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Managing Favoritism

By Syler Thomas | High School Pastor, Christ Church Lake Forest, Chicago, Ill.; Syberspace.typepad.com | December 21 2009

"It seems like our ministry team meetings are just when you have fun with all of your favorites. I don't want to be a part of it anymore."

It was like I'd just gotten socked in the stomach. Stephanie had joined our newly formed ministry team the summer before her senior year. This was now the end of her senior year, and she'd soured on the group. Until I read her evaluation, I hadn't realized why. Stephanie felt like I'd chosen favorites, and she wasn't one of them. Stephanie refused to speak with me after that, despite several attempts to contact her; she truly was done with our ministry.

I was a relatively new youth pastor and hadn't meant to choose favorites; but the reality was that my preference for certain students over others was obvious, and she felt left out.

Looking back, I realize I wasn't being strategic with how I used my time and was not aware of the fact that others took notice. I tended to spend much of my time with just those students whose company I most enjoyed, though I had a nagging feeling I should be reaching out more. Though I felt compelled to call every student on our list because I hated thinking about a student who felt excluded, I didn't call the entire youth group every time I wanted to invite some to my home. That meant I gravitated mostly to those students I thought of first. I never intended to ignore Stephanie. In fact, I really liked her and was excited she was a part of our ministry; but because I hadn't addressed the fact that she was looking for my attention, she felt ignored.

This episode with Stephanie shook me and caused me to evaluate how I spent my time with students. Does this sound at all familiar? The reality is, we're all naturally drawn to people we like and to people like us; but as ministers of the gospel of Jesus Christ, we have to do better.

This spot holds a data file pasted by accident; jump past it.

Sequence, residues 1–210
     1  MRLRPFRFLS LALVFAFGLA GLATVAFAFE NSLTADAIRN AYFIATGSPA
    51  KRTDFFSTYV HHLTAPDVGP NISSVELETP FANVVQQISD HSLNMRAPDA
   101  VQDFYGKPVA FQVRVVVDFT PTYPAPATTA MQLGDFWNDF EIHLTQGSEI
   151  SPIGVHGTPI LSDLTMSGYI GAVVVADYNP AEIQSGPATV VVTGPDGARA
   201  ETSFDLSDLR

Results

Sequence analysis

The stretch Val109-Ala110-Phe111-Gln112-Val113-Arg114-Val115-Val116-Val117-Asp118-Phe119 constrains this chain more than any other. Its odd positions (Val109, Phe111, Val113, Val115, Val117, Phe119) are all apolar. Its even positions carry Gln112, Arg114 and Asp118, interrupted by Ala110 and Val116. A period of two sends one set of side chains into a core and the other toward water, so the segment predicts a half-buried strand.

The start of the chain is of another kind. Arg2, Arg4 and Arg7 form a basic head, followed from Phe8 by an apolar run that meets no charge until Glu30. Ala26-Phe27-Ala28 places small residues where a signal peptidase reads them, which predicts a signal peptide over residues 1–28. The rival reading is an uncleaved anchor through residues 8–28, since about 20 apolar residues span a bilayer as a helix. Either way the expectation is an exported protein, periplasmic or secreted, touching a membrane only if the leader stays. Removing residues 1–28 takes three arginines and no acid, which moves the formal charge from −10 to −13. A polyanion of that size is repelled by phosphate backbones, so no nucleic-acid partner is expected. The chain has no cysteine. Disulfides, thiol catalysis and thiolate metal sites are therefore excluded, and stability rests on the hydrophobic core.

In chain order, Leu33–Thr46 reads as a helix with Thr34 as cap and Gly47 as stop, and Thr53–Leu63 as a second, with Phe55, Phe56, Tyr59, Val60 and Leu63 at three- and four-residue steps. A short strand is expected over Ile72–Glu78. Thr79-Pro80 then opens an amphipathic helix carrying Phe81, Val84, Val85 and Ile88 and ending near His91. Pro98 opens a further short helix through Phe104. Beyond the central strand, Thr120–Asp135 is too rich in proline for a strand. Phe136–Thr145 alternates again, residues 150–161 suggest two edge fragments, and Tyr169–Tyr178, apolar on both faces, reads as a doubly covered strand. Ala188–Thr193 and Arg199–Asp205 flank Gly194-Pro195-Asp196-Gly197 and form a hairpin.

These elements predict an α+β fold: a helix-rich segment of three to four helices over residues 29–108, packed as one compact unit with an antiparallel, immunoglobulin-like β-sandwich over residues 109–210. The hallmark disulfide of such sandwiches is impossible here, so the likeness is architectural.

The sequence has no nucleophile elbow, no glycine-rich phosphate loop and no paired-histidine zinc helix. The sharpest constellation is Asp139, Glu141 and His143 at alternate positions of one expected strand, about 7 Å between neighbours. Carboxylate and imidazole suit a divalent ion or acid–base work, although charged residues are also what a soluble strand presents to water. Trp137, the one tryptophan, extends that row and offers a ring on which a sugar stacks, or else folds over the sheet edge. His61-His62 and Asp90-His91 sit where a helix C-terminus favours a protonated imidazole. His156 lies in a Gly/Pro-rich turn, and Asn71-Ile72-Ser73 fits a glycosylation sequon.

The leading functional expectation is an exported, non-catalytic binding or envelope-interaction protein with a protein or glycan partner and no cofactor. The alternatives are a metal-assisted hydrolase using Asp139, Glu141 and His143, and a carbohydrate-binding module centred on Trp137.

The Allure of the Popular Kids

It's sad to say, but some of us are still as drawn to the popular crowd as we were when we were in school. It's still an honor to be considered cool by the cool kids. If we're not careful, we can find ourselves bending over backwards to impress them. Jesus' model in this regard is illuminating.

Take a look at how he responds to the rich, young ruler. As a young, rich man, chances are he was well-known in the community. You almost can imagine the disciples whispering to each other as he approaches Jesus, inquiring about becoming a disciple. "Are you kidding me?" Peter mutters to Bartholomew. "If we can get this guy onboard, not only will we be staying in swanky hotels, he'll bring in others by the thousands!"

Don't we do the same? A popular kid—maybe he's a star athlete or in student government—starts attending your ministry, and you begin dreaming about how he could make an impact on others; but Jesus doesn't lower the bar for the cool guy, does He? In fact, He raises it—and the man leaves saddened.

I can imagine Peter barely able to contain himself; I mean, talk about a wasted opportunity. "Jesus! That was a key seeker! Why couldn't You have been more sensitive?" Clearly, Jesus' goals were greater than strategically attracting the rich and famous for greater ministry impact. He was looking for people to take up their crosses and follow Him.

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